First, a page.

3. I run a department and manage 9 people. My policy has always been, if you don’t feel safe then do not come into the office. It’s easy for everyone to work from home. Unfortunately, I’m very aware that some people take big advantage, promise to do their work and just tune out. Then again, here I am commenting on a blog 🙂


    • I’m sure people will take advantage, and YouTube and the like will get more hits today than a normal Wednesday, but I do know we’ll get everything done. Everyone is aware of how much our home office people are laughing that all it takes is a threat of snow to send us into a tizzy.


      • My entire family is in NYC and I tried unsuccessfully to explain the last ice storm’s effects to them. All in all you’re definitely right, everything will work out. And frankly, my job has become so fast paced it’s a nice break from someone sticking their head in my office every 20 minutes with a new problem.

        Ahhhhh…I think I got as much done as a regular day in the office so far today.


  4. I qualify as a senior in this age-conscious society we live in. Growing up I never heard the words “snow day” and we DID walk to school, up and down hills on roads that lacked sidewalks. One treacherous mid-day snow during my high school years shut down the busses but not the school. The walk home was over three hours but we were young and made it a great adventure. Then I became a teacher and learned the meaning of “snow day.” I taught is a little country school and roomed with a couple other teachers. The pastor would call off school. We would dance a jig on the dining room table, disconnect the phone (meaning disconnect distraught parents) and snuggle down for an extra hour(s) of sleep. No one rejoices on a snow day more than the teachers!


    • You walked for three hours from high school to home? And here I was complaining about that silly walk down the hill two weeks ago – where it is, laughably, uphill both ways with no sidewalks. 🙂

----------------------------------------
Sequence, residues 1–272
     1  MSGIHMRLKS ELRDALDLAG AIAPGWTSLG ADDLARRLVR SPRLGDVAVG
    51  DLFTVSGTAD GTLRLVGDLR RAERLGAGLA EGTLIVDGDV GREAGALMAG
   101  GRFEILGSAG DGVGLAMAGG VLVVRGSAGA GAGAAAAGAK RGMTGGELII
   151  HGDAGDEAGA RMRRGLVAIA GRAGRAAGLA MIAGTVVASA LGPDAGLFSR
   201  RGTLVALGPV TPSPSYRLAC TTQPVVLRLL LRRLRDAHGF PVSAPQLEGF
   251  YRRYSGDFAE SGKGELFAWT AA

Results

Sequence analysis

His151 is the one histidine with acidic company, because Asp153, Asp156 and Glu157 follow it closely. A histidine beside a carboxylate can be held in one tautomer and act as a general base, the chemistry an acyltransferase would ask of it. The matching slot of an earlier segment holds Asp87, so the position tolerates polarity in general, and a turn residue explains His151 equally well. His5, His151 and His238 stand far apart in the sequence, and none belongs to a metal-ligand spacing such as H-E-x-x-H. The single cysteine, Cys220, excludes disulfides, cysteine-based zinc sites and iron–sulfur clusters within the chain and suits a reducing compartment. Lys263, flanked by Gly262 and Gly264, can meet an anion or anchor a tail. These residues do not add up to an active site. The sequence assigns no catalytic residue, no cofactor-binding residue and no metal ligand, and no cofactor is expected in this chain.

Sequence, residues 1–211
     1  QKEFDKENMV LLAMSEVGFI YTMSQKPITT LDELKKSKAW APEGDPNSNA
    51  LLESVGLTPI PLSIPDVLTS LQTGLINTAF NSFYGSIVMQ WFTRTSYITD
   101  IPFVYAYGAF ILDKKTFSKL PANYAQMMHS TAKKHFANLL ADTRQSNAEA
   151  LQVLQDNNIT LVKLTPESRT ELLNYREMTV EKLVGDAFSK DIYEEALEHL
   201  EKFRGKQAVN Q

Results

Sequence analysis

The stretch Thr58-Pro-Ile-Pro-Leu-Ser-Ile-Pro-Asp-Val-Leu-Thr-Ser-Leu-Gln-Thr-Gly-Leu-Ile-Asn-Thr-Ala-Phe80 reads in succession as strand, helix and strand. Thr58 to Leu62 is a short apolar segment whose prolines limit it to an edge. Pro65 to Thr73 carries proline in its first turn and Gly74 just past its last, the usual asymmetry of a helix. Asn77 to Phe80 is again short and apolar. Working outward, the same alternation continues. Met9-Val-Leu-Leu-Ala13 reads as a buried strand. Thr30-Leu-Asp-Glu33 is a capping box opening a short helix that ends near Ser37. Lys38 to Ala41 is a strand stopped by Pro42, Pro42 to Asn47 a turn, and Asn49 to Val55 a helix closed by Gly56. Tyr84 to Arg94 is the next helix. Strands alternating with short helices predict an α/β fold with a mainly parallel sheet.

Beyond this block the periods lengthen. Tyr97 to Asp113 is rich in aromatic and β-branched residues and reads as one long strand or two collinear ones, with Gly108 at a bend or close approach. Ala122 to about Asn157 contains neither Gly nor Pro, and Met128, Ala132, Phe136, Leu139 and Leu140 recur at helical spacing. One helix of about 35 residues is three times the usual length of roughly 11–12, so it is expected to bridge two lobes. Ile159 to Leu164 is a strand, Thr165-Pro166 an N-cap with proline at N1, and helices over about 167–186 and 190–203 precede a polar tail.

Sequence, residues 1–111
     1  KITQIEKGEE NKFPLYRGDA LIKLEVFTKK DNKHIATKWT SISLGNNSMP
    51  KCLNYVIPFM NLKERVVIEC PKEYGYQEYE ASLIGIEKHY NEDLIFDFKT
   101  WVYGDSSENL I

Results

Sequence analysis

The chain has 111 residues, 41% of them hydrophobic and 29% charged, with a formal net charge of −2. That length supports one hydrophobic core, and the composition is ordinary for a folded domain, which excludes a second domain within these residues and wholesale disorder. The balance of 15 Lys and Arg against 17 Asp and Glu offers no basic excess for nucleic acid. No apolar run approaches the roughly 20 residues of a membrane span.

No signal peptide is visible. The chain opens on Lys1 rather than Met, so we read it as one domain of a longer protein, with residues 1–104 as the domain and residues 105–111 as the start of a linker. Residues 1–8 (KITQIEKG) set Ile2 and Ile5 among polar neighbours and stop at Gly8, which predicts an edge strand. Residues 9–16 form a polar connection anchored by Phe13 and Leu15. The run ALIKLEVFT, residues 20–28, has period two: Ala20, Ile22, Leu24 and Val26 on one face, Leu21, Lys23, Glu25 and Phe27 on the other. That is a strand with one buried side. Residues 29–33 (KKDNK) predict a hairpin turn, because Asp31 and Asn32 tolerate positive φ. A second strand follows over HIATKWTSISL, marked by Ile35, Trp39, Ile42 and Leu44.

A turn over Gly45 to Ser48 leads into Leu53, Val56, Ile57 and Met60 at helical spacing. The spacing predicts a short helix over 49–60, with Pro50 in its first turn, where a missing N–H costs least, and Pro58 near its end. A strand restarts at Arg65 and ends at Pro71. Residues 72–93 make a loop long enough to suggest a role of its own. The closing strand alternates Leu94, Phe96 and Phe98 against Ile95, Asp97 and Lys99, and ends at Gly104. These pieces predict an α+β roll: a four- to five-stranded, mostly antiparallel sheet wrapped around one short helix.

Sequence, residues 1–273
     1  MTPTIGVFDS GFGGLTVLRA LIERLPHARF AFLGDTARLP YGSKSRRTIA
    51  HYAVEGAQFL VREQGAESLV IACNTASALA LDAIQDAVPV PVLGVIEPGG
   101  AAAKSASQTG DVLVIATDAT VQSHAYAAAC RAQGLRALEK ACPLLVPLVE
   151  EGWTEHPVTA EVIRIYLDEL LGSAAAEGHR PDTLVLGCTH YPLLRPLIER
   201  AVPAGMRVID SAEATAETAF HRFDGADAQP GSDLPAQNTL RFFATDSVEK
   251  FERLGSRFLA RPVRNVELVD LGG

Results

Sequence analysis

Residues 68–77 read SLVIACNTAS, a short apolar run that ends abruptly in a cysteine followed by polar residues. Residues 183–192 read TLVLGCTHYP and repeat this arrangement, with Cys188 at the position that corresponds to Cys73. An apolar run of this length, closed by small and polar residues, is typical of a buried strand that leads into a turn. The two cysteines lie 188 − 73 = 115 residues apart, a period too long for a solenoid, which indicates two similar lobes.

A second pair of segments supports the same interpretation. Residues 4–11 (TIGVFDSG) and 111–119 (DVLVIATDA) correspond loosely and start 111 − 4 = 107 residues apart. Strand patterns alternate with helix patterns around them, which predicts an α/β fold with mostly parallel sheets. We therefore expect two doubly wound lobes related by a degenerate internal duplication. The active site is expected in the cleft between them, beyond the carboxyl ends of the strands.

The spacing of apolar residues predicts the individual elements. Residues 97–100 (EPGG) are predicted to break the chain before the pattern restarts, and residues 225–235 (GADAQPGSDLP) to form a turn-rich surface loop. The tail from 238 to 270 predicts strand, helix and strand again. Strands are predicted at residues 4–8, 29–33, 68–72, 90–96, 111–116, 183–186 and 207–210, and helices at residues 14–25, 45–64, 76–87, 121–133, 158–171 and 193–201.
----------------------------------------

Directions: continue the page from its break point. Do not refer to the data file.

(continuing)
I think teachers here must feel like they haven’t had school all year. Every time we turn around, winter stops us again.


  5. I just read an article in USA Today where some schools were giving kids work via the Internet during the snow days. The kids came back grumbling that it was more work than being at school itself. I had mixed feelings about that. I think all kids should get to enjoy an exciting snow day at home without worrying about school work. On the other hand, when they miss so many, it’s a great alternative to making those days up, and it can be a godsend for parents working from home while their kids are running around the house. Will be interesting to see what the future holds. One thing I do love, however, is getting text message alerts when school is canceled. No need to stare at that TV screen anymore, especially in NE Ohio where there are endless schools!

    Such power you have in making that decision. Not sure I’d want it. I feel for you!


    • Kids should get snow days. They are built into the system, and it’s really tons of fun, at first. We’re up to so many now we’re looking at extending the school year. Now is the time when online classrooms would be beneficial, but to do it every time? I don’t see that doing anything in the long run. These lottery-like days off give everyone the recharge to come back refreshed.

      It’s more like making the consensus official than making the decision, but I expect people expect to hear from me before deciding to change pajama pants for dress pants. It still makes me nervous though. Ultimately, my name is on the original email.